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Cannabinoids improve driving ability in a Tourette's patient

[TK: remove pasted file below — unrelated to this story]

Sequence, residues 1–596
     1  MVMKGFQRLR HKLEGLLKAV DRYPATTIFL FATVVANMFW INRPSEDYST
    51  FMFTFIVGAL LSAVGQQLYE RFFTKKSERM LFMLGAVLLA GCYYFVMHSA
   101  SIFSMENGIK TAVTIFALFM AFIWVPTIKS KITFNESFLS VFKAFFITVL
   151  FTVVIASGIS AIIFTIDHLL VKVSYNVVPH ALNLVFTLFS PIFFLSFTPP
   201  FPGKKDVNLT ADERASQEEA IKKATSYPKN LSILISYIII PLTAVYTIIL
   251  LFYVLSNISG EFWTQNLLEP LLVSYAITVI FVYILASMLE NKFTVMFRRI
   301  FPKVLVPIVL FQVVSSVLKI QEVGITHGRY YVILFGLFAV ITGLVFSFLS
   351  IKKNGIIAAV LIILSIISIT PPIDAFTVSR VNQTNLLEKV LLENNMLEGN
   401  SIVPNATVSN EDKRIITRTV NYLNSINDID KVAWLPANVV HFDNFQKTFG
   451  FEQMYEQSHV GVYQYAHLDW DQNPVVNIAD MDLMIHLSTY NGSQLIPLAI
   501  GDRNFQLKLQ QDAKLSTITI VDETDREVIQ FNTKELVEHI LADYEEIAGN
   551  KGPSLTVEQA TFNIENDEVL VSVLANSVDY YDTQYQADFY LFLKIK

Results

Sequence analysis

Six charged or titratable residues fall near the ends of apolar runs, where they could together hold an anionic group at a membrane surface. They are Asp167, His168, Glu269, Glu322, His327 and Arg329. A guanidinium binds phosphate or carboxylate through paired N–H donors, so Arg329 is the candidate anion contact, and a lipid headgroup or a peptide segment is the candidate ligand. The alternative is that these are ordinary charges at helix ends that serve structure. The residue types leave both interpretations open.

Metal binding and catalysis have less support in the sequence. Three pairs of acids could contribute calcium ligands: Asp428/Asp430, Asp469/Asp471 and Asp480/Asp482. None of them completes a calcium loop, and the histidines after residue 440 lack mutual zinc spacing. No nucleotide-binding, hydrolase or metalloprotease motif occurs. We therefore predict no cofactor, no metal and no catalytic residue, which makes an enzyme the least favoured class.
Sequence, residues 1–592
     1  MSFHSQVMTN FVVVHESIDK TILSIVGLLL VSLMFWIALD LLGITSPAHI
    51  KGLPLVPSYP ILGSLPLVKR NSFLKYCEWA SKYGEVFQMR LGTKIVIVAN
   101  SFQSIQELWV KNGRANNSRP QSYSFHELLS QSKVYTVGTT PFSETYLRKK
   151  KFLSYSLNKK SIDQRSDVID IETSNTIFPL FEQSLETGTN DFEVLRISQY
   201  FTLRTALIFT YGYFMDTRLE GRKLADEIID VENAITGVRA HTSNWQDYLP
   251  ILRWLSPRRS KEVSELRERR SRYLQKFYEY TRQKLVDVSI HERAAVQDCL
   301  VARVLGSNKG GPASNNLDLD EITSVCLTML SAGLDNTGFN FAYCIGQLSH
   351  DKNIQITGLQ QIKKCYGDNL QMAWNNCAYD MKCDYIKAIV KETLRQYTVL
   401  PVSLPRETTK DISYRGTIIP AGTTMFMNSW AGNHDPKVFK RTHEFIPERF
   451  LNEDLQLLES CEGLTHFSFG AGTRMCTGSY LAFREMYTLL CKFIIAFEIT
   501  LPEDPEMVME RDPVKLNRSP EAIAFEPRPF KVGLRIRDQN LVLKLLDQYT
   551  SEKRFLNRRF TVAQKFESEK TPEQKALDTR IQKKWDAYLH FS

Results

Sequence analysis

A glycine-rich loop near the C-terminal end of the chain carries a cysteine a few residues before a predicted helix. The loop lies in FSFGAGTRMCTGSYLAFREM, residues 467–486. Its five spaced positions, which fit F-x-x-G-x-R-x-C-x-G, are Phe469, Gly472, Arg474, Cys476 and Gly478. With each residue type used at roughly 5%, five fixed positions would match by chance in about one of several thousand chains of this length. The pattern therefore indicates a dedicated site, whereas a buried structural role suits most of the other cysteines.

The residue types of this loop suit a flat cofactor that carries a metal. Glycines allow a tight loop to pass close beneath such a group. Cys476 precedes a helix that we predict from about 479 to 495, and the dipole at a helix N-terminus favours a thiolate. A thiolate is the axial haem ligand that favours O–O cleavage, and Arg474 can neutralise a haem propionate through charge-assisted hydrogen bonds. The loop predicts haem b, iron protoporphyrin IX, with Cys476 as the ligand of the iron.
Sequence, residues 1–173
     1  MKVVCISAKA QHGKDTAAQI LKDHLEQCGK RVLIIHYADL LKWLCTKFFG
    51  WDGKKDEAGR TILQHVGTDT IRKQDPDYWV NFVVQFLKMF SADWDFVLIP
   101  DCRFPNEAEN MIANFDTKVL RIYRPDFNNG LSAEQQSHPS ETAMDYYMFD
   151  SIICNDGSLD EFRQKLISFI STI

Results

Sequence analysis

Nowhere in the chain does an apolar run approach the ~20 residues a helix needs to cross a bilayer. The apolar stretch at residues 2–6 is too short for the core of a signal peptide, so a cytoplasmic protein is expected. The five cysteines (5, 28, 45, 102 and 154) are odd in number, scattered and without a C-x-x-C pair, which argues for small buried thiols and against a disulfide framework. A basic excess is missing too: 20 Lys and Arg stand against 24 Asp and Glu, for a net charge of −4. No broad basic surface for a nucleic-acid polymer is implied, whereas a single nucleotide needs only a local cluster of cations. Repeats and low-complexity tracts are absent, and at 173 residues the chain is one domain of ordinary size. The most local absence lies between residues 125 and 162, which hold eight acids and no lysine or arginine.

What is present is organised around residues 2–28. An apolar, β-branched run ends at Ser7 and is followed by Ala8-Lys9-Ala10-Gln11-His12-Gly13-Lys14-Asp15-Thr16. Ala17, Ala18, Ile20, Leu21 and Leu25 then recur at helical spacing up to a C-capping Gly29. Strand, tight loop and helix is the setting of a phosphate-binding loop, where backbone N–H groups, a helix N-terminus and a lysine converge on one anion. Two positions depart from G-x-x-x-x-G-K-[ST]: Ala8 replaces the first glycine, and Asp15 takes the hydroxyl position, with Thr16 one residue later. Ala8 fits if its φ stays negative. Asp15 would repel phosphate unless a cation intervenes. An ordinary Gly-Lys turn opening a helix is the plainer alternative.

Cannabinoids improve driving ability in a Tourette's patient To the Editor: For many patients diagnosed with a neuropsychiatric disorder, the ability to drive a car plays a crucial part in their functional autonomy. Surprisingly, there were no data available in a PubMed search performed in March 2011 concerning Tourette's Syndrome and driving ability. According to our knowledge, this is the first report on driving ability in a drug-free Tourette's patient as well as after cannabinoid therapy.</P>“Mr. H. was a 42-year-old truck-driver, with Tourette's Syndrome since the age of six. On the day of admittance to our hospital, he exhibited coprolalia, multiple motor tics such as head, arm and leg jerking, and repeatedly standing up and down. Mostly, he was suffering from ruminating obsessive thoughts.</P>Diagnostic tests including lumbar puncture, magnetic resonance imaging, and electroencephalography, did not produce any pathological findings. Neuropsychological testing was unremarkable with regard to attention, memory and executive functions. IQ testing revealed an average level of intelligence.</P>A review of the patient's medical history showed that all standard treatments for tic disorders (dopamine-blocking agents, alpha-2-agonists, clonazepam, and tetrabenazine) had proved ineffective.</P>Although there is still a lack of good controlled evidence to support the use of cannabinoids in treating tics in people with Tourette's syndrome, experimental therapy with ∆ 9 -tetrahydrocannabinol (THC) was started. Within 2 weeks, the daily dose was raised to 15 mg. Tics decreased significantly with scores on the Yale Global Tic Severity Scale being reduced by 75% (Global Severity Score dropping from 89 to 22).</P>Since Mr. H.'s job required daily driving, he asked for a treatment that would not affect his driving skills. Therefore, his driving ability was assessed with computerized tests, according to the German guidelines for road and traffic-safety, in an off/on-design. Both, in the drug-free phase and during THC therapy, the criteria according to German regulations were met in all functional domains investigated (i.e. visual perception, capacity of reaction, concentration and stress-tolerance). According to these criteria, a test has to be considered a failure if a patient falls below the threshold of 1 standard deviation below the mean in test parameters (percentage < 16). In comparison with the drug-free phase, there was a clear improvement in concentration (from percentage 39 to 58) and visual perception (from percentage 44 to 72) during THC therapy.”</P>Tourette's syndrome is associated with motor and vocal tics and a range of cognitive and behavioral features. To date, there is a controversial debate whether the use of cannabinoids causes cognitive impairment in healthy subjects. In Tourette's patients, it has been shown that treatment with THC has caused neither acute nor long-term cognitive deficits ( Muller-Vahl et al., 2003 ). Our case study indicates that there seem to be beneficial effects on psychomotor functions related to driving performance under treatment with THC. To highlight this topic, further studies on Tourette's driving under THC-treatment are needed.</P><h5>Full financial disclosure for the previous 12 months</h5> No special financial support/grant was received in conjunction with this study.</P> http://www.deepdyve.com/assets/images/DeepDyve-Logo-lg.png Psychiatry Research Elsevier
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